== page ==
“I’ve had better.”
“Look at this,” said Peterson, holding up the pieces of the junk mail.
“Well, don’t read them.”
“I won’t. You can bet on that.”
“Throw them in the trash.”
He went into the kitchen, poured himself a cup of coffee from the pot Birgit always kept at the ready when she was home, stirred in sugar and cream, walked down the hallway to the living room, turned on the lights and as he dropped the junk mail on the coffee table had a look around the room.
Same as ever: the window at the end of the room overlooking the street, the sofa up next to the window, the two other overstuffed chairs, the several lamps, the coffee table, the magazine rack, the TV set, the stereo, the pictures on the walls.
Sometimes Birgit and he had parties and invited people over. Then they moved things around, the sofa over there, the easy chairs more toward the side of the room, brought in an extra table and a few more chairs. But after the party, sometimes that very night but usually the next day, they put everything back to where it had been before.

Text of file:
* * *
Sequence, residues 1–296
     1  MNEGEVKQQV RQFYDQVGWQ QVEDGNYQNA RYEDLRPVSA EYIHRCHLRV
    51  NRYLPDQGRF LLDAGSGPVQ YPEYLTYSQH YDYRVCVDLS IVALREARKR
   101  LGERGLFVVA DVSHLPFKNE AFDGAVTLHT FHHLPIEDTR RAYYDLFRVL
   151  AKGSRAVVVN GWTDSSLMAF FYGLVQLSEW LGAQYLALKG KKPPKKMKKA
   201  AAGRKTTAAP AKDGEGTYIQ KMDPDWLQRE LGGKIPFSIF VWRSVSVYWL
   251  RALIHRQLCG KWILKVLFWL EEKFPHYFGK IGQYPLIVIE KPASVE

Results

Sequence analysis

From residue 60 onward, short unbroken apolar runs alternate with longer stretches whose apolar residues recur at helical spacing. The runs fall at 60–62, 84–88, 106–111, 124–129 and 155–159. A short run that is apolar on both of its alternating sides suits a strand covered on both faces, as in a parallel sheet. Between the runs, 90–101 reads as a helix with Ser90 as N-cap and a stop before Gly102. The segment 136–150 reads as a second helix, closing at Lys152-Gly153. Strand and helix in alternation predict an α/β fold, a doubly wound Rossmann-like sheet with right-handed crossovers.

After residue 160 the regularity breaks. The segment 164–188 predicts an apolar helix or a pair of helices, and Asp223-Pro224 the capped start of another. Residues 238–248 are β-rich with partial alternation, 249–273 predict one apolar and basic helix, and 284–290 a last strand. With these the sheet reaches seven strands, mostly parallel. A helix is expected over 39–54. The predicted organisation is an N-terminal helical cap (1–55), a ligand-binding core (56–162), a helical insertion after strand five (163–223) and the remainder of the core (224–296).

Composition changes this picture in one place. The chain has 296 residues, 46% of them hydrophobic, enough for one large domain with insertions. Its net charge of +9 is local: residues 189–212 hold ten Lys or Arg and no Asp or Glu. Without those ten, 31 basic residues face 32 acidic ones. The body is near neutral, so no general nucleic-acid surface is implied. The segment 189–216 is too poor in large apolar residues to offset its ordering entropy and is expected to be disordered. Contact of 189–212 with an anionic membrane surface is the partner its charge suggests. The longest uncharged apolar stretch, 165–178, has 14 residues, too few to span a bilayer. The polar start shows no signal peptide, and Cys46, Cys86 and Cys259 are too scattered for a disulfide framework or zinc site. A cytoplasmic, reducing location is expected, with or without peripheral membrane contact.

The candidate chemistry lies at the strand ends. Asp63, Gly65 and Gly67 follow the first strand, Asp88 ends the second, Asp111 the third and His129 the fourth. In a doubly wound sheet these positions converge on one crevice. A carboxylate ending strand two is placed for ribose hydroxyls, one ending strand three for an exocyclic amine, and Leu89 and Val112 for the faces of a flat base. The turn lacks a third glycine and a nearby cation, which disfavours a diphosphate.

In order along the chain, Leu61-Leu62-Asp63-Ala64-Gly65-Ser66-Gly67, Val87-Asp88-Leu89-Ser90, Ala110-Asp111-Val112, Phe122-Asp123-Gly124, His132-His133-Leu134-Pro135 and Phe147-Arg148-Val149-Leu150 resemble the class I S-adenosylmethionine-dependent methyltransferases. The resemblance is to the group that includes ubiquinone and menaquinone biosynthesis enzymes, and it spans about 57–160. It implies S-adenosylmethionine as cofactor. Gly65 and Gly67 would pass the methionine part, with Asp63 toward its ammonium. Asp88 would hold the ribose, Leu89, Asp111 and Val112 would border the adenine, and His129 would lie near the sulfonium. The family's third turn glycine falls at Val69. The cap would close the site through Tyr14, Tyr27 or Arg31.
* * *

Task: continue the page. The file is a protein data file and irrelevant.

Peterson went over to the sofa and was about to sit down, but instead looked out the window onto the street. All the apartment buildings were still there. Above the buildings the moon hung in the sky. Perhaps it had moved a bit in the last fifteen minutes. That was probably true, logically. But he couldn’t tell. Actually it seemed to him not to have moved at all.
Peterson sat down on the sofa, had a sip from his coffee and picked up one of the junk mail envelopes. It was bright red in color.
Goddamn thing, he thought.
He ripped at the envelope and a bright blue flyer dropped out. He picked the blue flyer up off the floor.
“CONGRATULATIONS!” it said. “YOU HAVE BEEN CHOSEN.”
The next day it happened again.
He had taken the train to Bildersheim, as he did each Wednesday, to teach some students near the university, and after his sessions with the students was walking back toward the railway station when suddenly, just like that, he didn’t know where he was.
All right. A downtown pedestrian zone. Very busy. Lots of people. Shops on both sides, a clothing store with mannequins in the window, a jewelry store, its expensive watches on display, a bookstore, people browsing through paperbacks at an outdoor display.
A pedestrian zone you might see anywhere in Germany.
Except that Peterson had never seen this particular one before in his life.